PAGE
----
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The Effects of Student Growth Data on School District Choice: Evidence from a Survey Experiment

We conduct an online survey experiment in which participants are asked to imagine that they are parents moving to a new metropolitan area. They then choose between the five largest school districts in that area. All participants receive demographic data for each district. In addition, some participants are randomly assigned to receive average achievement and/or average growth data for each district. While there are strong relationships between student demographics and student achievement, the links between student demographics and student growth are much weaker. We find that, on average, the provision of growth data causes participants to choose less white and less wealthy districts. Moreover, the provision of both achievement and growth data causes participants to choose less white and less wealthy districts than the provision of achievement data alone.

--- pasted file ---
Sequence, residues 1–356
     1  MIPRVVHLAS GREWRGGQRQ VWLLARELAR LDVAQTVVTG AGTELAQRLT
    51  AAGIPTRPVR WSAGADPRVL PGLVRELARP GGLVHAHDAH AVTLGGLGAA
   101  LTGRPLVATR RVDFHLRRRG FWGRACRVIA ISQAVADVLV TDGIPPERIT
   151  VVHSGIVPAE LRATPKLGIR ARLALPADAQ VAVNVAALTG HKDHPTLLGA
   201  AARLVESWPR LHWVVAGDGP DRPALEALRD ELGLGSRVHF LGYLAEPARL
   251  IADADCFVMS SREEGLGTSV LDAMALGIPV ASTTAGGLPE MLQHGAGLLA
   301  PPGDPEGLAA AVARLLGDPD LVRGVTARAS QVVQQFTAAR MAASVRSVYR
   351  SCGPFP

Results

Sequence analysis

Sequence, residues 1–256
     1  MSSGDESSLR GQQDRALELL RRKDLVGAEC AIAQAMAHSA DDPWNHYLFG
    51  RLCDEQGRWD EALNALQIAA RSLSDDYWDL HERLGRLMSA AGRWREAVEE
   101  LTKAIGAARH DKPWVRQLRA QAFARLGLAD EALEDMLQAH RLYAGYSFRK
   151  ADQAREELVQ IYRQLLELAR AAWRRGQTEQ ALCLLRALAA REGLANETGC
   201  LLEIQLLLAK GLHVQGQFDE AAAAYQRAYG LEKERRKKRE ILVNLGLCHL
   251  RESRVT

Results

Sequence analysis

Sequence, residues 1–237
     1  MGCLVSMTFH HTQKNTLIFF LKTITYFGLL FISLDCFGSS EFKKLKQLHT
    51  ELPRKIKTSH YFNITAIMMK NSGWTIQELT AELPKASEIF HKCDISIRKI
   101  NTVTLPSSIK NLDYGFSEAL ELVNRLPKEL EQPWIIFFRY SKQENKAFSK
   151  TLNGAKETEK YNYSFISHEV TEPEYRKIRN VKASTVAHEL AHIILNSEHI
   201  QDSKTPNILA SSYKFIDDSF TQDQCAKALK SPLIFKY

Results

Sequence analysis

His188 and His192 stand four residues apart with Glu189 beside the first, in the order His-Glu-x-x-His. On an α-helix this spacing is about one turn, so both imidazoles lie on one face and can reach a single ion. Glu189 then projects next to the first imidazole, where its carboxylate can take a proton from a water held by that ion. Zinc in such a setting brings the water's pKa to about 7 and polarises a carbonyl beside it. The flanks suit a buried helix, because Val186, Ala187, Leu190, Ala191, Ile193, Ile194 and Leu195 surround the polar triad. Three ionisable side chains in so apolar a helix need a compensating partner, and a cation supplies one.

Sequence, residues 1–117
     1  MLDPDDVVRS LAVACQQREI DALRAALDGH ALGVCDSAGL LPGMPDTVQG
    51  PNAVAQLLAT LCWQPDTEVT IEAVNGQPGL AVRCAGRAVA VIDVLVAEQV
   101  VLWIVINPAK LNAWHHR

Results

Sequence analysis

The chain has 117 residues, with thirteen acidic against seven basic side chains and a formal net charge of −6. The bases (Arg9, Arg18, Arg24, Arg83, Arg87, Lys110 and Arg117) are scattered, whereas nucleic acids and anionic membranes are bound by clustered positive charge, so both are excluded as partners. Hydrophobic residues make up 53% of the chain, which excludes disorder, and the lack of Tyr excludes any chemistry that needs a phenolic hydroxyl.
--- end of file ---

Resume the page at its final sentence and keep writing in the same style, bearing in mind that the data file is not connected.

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EdWorkingPaper suggested citation:

Houston, David M., and Jeffrey R. Henig. (). The Effects of Student Growth Data on School District Choice: Evidence from a Survey Experiment. (EdWorkingPaper: -87). Retrieved from Annenberg Institute at Brown University: http://edworkingpapers.com/ai19-87

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